Chrome offers powerful capabilities to help make browsing smoother on mobile devices. These tips below should help you use the browser to the best effect.
Using swipe gestures
On the iPhone, iPad and on Android phones, Chrome recognizes special swipe gestures that allow you to easily move among open tabs. The gestures recognized are different for different devices, though. On Android phones, you simply need to flick your finger left or right on the browser window to move among open tabs. On Apple devices, you need to do the swiping at the edge of the screen. Curiously, Google doesn’t implement any of these swipe gestures on Android tablets.
Switching among different tabs on Chrome is easy on all phones
Tapping Chrome’s tab button lets you view all your open tabs at once. You can tap on any tab that you would like to see and swipe any tab left or right to turn it off. The menu button at the top right gives you the option to close all open tabs at once.
Activate Smart Zoom with a double tap
Zooming in for a closer look at a webpage doesn’t require you to expand it with two fingers. Instead, you simply need to double-tap it anywhere on the window. Chrome does intelligent zooming, too. Whatever part of the screen you wish to get a closer look at, double-tapping on it centers the page at that point as Chrome zooms in.
Unfortunately, double-tapping only works on sites that are meant for desktop browsers. It doesn’t work on regular mobile websites. For those, you still need to use pinching-to-zoom.
You can request the desktop version of any site
Many websites are programmed to serve different versions, depending on the kind of device a user arrives on. As convenient as this feature may be, it isn’t always appropriate. Many visitors need to simply be able to use the general purpose website sometimes. Chrome allows this – you simply need to click on the Menu button on Chrome and ask to see the desktop version.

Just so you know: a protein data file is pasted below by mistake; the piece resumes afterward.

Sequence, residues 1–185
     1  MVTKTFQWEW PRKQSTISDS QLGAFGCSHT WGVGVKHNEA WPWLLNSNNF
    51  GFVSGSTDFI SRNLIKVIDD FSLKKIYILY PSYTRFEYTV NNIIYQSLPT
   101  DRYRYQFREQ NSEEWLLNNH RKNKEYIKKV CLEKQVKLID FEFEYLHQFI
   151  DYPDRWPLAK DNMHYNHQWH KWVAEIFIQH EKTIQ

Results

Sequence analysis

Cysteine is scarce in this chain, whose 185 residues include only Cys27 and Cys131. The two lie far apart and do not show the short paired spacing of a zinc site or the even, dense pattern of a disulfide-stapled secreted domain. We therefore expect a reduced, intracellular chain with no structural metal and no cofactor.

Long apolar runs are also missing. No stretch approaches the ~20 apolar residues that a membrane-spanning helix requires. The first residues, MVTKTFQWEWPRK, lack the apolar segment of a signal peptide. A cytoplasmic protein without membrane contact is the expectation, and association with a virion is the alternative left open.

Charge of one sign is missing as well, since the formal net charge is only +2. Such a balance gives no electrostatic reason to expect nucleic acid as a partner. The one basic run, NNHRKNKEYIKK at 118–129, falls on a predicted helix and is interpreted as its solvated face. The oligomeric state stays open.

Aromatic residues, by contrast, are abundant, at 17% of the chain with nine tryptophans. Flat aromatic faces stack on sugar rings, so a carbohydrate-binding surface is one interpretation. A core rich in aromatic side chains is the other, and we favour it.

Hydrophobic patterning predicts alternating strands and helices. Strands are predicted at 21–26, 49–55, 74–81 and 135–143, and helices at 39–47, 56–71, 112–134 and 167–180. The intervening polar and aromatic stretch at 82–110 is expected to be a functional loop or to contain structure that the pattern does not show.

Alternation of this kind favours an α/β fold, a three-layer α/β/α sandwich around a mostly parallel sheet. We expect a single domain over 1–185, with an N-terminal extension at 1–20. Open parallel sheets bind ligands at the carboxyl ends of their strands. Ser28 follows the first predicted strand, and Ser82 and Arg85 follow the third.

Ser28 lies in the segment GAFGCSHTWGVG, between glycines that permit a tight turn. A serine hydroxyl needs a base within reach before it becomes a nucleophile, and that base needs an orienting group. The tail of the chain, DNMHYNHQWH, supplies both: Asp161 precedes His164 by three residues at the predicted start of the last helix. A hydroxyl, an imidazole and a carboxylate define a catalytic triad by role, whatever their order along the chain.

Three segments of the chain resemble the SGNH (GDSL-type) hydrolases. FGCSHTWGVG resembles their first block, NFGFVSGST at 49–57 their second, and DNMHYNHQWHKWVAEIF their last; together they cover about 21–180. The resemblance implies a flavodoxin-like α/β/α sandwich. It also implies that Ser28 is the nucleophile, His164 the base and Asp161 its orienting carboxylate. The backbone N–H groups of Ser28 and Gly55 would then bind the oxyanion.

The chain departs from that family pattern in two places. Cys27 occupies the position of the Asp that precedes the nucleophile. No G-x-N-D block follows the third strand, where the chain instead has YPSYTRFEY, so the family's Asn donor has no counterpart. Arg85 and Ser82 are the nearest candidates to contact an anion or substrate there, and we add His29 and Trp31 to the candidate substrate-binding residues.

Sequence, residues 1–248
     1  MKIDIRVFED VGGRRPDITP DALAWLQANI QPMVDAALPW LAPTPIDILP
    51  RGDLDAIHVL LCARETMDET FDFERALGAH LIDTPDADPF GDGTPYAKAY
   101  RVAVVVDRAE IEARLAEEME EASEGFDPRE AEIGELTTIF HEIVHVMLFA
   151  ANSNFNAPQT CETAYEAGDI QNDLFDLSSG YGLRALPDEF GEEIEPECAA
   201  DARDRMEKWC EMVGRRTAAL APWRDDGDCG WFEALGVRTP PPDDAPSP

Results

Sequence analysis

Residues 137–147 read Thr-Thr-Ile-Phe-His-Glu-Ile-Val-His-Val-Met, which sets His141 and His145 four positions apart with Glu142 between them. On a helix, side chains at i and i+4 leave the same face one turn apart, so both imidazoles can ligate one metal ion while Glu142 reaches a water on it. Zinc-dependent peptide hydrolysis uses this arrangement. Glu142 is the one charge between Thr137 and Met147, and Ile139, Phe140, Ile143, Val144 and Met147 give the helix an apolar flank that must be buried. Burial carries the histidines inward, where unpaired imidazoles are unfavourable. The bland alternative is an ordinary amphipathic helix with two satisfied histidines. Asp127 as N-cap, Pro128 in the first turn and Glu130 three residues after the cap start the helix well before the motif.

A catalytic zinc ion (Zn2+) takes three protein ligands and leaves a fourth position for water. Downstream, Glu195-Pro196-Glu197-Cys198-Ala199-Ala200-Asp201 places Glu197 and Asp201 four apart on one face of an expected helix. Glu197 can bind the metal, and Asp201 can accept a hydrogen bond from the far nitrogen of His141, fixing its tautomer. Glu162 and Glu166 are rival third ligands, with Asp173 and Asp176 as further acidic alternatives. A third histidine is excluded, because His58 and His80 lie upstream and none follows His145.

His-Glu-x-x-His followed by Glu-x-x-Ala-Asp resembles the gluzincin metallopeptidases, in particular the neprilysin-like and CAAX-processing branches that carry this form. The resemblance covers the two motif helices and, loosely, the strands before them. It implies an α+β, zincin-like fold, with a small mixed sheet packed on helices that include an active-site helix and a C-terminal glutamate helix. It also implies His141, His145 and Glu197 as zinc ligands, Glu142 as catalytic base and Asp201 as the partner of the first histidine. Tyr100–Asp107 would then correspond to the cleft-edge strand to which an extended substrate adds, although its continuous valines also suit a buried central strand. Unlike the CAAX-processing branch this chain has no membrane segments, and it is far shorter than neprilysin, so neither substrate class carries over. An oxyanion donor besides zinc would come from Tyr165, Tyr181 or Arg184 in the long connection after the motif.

Since data connections tend to be slower than Wi-Fi connections, browsing on 3G or even 4G can be somewhat unsatisfying, depending on the data speeds that you have where you are. Chrome attempts to help with this problem by offering a feature called Reduce Data Usage. This feature compresses webpages as they are sent to you.
Preloading, a feature that’s only enabled by default for Wi-Fi use, has Chrome preloading pages that it is believes you will be interested in. For instance, if you are reading a 3-page article, Chrome loads all the pages to follow while you read the first one. Since the preloading feature can download pages that you aren’t interested in, though, Google doesn’t turn it on by default for cellular data use. You can waste precious data this way. You can turn it on manually, though.